The Book of Genesis vs. the Epic of Gilgamesh

Two Different Books with Similar Stories The Book of Genesis and The Epic of Gilgamesh have many clear similarities. One major, noticeable similarity is that in both stories, there are flood legends. There is the legend of Noah and the Ark in The Book of Genesis and the story of Utnapishtim in The Epic of Gilgamesh. In both stories, a higher power wants to wipe out the human race and decides to save one person who is then assigned to build an ark to hold himself, his family, and one of each animal. There are also many specifics about this flood that the two stories have in common, not just the basis of the tale.

For example, both stories tell of a long storm. In The Epic of Gilgamesh, it says: “Six days and seven nights the wind and storm” (Gilg. Tabl. XI, 127). In The Book of Genesis, it says: “rain fell upon the earth forty days and forty nights” (Gen. 7:12). In both cases, the story is specific about the number of days the storm lasted. Noah and Utnapishtim make sacrifices to their respective higher power– Noah to God and Utnapishtim to Enlil. In the story of Noah and the Ark, it says that he “”offered burnt offerings on the altar” (Gen. :20) which is a sacrifice to God. In the story of Utnapishtim, it says that he “offered a sacrifice” (Gilg. Tabl. XI, 155) by pouring a libation to Ea, which is a form of spiritual sacrifice. These stories do not exist for entertainment, they serve the purpose of teaching people lessons about humankind and God or the gods. These flood legends tell us about a couple of different religious beliefs of the ancient people, one being that people are instinctually bad. A higher power wanted to wipe out the human race in both legends because humans were doing wrong.

If humans were good by nature, the higher powers would not have wanted to destroy them all. The stories of these floods also show flaws in the high powers. Usually the gods or God are considered to be perfect, but in this story we see that the higher powers do indeed make mistakes. They made the mistake of creating an earth populated by flawed people. This is important because it shows that not even God or gods can achieve perfection, and humans certainly cannot. Even though this still makes the gods better than humans, no one is perfect.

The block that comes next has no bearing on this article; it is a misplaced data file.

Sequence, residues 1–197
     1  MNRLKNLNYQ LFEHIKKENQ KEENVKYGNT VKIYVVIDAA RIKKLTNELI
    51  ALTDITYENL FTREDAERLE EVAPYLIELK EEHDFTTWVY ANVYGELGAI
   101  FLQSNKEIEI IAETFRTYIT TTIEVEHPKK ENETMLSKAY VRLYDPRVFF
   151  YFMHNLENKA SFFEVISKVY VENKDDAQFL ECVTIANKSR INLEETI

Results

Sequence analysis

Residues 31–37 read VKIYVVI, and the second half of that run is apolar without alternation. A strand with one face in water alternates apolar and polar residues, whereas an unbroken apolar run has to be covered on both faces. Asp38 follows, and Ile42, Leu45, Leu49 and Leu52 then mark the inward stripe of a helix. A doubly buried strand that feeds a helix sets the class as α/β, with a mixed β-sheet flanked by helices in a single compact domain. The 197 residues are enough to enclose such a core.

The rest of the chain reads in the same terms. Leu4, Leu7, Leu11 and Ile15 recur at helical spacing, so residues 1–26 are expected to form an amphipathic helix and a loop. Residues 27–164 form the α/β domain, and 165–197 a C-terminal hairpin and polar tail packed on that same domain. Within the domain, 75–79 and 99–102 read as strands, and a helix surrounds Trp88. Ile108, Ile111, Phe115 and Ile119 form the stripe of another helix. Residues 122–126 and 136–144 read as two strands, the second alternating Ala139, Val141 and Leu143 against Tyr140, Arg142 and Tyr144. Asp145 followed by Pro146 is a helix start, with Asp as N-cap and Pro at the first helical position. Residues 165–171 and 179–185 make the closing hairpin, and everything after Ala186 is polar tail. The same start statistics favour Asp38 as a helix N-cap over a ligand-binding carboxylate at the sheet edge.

These two stories are also very similar in their views of humans versus animals. In both stories, the higher power assigns a man to build this ark and lead a new world with his animals. This shows his authority over the animals. Since he and his family are intended to be the only humans after the flood kills everyone else, this makes the humans the leaders of the living beings. The stories send a clear message that humans are above animals and humans have power over all animals. This tells us that animals are not viewed as equals and certainly do not receive the same respect as humans in either culture.

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This explains why people eat meat, have pets, farm, or anything else humans do to control animals and establish a higher power over them. Although there are very major similarities between The Epic of Gilgamesh and The Book of Genesis, there are also many differences. One of the main differences is the attitudes about sex. In The Epic of Gilgamesh, Gilgamesh sleeps with all of the women in the town that he rules. Also, after a successful journey with Enkidu, they reward themselves by having sex with prostitutes. Prostitutes are also seen as mystical and powerful.

Even more different from the other story is that the gods in The Epic of Gilgamesh sleep with human beings. Sex is much more common and casual in this story. Also, because it is provided to the warriors as a reward for a successful journey, it makes sex almost a trophy. Overall, this tale makes sex out to be a spiritual, powerful, and pleasurable action. This is very different from The Book of Genesis. In The Book of Genesis, sex is not for pleasure. People are not supposed to have sex until marriage, and it is mainly for the purpose of procreation.

This is very different from The Epic of Gilgamesh in which Gilgamesh sleeps with many women while unwed. The difference in sexual attitudes in the stories exemplifies how sex is viewed differently in different cultures. Some may see it as a form of pleasure, while others view it as a means for creating children. Another minor difference between the stories is the idea of immortality. In both stories, all humans are born mortal. Although Gilgamesh is 1/3 god and 2/3 human, he is still mortal because he can be killed. In The Epic of Gilgamesh, Utnapishtim is given immortality by the gods before flooding out the human race.

However, in The Book of Genesis, God does not give anyone the gift of immortality. This shows how the Christian culture believes that humans are far less powerful than God and they can never be anywhere near as strong and wise as Him. In The Epic of Gilgamesh, humans can be granted special powers by the gods, and Gilgamesh himself is part god. This puts far less emphasis on the division between humans and gods than The Book of Genesis. The obvious similarities between The Epic of Gilgamesh and The Book of Genesis tell us that the people of the world coming from different cultures still have many mutual beliefs.

The similarities in the stories also show how important these stories are to people, since the beliefs are so widespread that multiple different variations of the stories have been written. It is clear that the people of the ancient world believed that the world was created by a higher power in a number of days, that a higher power created the human race, humans are very flawed, and many other mutual beliefs that can be found in The Epic of Gilgamesh and The Book of Genesis.

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